"I don't believe we can have an army without music"
General Robert E. Lee, 1864
During the American Civil War, field music provided invaluable communication in camps and on the battlefields. In camp, musicians were always placed near commanding officers to relay orders to the army. Musicians were utilized as the army's public address system. Bugle and drum calls were vital to communicating everything from reveille and meal times to gathering officers for meetings and assembling the troops. Army regulations detailed drummers and buglers to learn dozens of calls for camp duty, and battles and skirmishes.
Regular army field musicians received training at established schools such as the one on Governors Island in New York. Musicians in state volunteer regiments generally received training in less formal settings as part of local militia units or local bands.
"All history proves that music is as indispensable to warfare as money"
New York Herald, 11 January 1862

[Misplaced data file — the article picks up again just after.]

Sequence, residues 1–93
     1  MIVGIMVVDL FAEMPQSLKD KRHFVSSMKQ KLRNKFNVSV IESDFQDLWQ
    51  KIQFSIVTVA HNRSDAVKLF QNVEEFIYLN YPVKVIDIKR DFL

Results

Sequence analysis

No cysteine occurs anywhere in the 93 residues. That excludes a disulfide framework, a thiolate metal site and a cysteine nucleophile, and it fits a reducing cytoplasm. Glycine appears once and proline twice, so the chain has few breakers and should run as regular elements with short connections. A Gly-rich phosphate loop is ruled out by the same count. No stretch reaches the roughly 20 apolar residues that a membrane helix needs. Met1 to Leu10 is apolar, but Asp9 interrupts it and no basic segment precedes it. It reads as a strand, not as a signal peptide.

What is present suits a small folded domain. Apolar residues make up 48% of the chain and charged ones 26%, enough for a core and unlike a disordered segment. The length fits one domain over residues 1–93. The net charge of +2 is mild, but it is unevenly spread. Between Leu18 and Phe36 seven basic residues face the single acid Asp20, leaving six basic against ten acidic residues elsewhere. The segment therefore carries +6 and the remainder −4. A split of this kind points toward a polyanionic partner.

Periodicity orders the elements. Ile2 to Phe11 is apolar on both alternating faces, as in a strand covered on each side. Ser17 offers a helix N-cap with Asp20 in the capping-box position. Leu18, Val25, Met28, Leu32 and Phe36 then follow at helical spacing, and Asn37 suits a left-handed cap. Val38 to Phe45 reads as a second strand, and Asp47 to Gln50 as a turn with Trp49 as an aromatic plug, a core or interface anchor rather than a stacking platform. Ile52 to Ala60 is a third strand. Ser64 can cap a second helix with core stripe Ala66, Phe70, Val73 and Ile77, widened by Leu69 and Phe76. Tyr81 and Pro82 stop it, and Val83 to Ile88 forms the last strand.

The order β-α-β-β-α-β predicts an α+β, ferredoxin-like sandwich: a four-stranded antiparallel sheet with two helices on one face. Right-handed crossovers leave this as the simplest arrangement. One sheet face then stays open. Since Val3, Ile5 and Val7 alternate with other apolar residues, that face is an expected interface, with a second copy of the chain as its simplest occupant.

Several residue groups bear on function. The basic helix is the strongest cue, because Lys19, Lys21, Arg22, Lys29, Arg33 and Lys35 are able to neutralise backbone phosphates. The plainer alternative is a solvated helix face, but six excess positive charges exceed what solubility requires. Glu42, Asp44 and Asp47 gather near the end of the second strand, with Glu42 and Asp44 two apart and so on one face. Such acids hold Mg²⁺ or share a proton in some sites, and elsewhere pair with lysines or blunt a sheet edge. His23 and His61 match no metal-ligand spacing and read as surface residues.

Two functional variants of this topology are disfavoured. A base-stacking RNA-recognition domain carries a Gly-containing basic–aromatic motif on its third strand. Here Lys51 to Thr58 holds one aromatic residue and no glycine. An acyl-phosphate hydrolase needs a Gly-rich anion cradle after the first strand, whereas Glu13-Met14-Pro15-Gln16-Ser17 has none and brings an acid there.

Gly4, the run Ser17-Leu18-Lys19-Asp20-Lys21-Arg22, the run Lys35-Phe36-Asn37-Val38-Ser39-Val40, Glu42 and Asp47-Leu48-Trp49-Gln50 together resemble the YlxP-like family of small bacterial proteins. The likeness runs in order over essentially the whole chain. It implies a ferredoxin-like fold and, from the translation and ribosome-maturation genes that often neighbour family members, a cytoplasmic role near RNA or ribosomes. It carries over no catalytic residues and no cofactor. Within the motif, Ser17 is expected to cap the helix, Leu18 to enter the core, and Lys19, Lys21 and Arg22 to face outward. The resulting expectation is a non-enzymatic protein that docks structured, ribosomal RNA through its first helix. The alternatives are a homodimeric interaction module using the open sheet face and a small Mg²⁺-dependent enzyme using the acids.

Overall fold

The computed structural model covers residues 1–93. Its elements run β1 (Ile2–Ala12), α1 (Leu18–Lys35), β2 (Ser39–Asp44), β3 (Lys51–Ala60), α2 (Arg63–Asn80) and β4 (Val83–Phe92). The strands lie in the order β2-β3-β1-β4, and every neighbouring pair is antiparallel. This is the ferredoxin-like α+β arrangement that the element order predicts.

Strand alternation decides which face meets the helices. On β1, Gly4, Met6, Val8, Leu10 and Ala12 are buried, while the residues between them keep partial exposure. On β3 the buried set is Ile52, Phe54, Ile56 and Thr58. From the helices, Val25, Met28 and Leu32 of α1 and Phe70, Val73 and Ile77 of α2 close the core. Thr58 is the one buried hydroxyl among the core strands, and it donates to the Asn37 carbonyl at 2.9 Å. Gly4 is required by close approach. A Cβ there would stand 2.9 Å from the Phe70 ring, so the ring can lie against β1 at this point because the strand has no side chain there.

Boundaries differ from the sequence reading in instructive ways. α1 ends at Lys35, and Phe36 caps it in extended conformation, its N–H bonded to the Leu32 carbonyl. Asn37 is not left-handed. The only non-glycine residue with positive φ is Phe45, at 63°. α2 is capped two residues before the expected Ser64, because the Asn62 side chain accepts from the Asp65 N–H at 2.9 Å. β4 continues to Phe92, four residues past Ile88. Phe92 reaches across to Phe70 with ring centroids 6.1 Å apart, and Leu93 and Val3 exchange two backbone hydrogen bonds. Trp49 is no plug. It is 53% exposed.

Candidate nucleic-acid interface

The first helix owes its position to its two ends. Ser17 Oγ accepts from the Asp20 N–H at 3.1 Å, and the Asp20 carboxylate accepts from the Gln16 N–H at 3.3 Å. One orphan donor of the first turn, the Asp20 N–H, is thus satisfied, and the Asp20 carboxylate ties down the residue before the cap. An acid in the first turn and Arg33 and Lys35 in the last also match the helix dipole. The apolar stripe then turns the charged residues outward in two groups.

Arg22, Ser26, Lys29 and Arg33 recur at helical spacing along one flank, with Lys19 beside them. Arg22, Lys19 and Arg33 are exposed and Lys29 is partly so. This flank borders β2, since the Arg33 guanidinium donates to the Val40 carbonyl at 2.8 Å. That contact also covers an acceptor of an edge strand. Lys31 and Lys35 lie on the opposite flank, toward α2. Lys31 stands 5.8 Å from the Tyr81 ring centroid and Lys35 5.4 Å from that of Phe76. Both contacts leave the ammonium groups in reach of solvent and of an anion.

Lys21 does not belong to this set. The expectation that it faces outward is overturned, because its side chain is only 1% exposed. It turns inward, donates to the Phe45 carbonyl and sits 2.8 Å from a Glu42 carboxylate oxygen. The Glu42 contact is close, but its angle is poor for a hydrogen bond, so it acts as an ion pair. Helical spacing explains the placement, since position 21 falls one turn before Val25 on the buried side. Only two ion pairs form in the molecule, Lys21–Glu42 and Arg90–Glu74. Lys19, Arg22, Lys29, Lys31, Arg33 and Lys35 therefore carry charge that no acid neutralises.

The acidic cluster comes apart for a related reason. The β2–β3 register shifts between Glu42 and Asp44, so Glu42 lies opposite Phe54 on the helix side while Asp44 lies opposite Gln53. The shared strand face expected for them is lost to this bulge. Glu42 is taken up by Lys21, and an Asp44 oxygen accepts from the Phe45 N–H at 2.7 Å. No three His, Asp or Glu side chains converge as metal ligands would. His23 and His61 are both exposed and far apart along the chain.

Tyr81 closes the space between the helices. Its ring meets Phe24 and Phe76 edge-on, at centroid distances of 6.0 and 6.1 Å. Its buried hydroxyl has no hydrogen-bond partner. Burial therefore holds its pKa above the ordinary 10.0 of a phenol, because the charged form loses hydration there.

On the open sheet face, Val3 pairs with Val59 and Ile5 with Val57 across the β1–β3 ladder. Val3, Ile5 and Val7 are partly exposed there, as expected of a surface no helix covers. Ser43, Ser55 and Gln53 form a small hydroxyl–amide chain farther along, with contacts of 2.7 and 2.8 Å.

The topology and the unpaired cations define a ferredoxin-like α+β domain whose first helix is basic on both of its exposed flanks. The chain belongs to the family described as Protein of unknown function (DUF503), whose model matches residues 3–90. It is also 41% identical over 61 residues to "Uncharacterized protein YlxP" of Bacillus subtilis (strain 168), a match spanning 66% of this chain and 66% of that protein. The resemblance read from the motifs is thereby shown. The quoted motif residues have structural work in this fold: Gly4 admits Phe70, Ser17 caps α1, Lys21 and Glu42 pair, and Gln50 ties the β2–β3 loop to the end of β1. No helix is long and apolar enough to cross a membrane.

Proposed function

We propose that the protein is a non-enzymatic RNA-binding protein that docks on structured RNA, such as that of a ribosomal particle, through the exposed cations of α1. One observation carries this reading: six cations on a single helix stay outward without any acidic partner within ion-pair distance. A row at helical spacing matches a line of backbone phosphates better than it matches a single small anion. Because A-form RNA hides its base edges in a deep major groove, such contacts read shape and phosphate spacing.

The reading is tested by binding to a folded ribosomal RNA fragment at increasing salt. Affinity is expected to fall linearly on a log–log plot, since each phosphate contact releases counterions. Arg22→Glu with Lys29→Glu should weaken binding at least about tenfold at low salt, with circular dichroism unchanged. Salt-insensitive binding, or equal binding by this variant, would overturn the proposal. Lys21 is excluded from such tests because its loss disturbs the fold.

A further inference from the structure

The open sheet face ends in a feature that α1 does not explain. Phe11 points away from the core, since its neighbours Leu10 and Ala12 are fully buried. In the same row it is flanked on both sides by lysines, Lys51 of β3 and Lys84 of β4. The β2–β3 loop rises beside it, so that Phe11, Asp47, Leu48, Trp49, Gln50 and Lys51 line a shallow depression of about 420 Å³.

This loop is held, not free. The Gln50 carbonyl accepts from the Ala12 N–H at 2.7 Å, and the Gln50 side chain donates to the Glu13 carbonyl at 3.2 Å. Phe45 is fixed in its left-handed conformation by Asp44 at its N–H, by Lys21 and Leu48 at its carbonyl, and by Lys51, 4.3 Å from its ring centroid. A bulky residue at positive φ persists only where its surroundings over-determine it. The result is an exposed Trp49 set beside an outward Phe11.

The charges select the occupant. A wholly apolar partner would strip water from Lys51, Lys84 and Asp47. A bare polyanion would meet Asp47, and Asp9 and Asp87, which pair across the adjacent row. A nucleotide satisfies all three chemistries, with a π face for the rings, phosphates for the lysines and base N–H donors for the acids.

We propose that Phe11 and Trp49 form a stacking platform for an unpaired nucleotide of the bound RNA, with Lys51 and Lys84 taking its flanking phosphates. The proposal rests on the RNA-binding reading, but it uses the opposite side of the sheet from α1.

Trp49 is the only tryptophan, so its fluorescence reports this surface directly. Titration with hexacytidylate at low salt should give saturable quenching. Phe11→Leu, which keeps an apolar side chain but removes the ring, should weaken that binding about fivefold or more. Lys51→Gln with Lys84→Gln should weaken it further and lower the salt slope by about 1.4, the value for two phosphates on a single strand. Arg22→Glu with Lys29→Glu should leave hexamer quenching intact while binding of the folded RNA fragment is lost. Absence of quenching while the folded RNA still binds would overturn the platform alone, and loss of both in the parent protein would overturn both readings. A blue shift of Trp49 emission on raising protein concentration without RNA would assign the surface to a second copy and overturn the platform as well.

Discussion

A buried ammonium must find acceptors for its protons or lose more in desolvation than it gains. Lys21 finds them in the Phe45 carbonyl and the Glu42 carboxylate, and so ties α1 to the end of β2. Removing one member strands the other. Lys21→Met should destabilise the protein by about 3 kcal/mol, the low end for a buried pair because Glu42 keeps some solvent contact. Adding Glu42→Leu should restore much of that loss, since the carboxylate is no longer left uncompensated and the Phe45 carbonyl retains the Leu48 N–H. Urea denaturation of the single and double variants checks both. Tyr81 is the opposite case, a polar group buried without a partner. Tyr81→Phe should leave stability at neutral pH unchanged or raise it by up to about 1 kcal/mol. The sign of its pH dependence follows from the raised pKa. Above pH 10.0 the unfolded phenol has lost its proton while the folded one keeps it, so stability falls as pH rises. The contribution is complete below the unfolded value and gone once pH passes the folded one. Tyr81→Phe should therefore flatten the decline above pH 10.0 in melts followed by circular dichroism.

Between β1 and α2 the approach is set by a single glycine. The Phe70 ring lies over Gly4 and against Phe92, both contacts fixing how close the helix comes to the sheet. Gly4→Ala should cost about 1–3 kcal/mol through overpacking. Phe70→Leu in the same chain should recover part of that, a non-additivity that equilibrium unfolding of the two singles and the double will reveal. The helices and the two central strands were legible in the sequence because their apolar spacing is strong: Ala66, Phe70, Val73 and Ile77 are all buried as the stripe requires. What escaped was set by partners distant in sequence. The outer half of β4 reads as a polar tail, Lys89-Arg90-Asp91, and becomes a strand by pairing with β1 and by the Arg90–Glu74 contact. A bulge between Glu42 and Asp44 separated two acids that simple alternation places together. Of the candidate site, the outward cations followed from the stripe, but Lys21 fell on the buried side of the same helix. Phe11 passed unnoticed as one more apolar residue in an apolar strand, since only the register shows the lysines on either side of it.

Advance or Retreat?
During an advance on the enemy, field musicians were drawn up and posted twelve paces behind the file closers. There they could be called on to sound the numerous calls to direct the movement of troops including advance, retreat, lie down, rally by platoon or cease fire. As the muffled sound of the drum was hard to hear over the rambling of the guns, the shrill sounds of the bugle was preferred in battle.
Musicians were also detailed as stretcher-bearers or ordered to help at field hospitals established in the rear. Officers commanded many musicians to their side to act as orderlies whose job was to travel between commands delivering orders or information.
50th Pennsylvania Infantry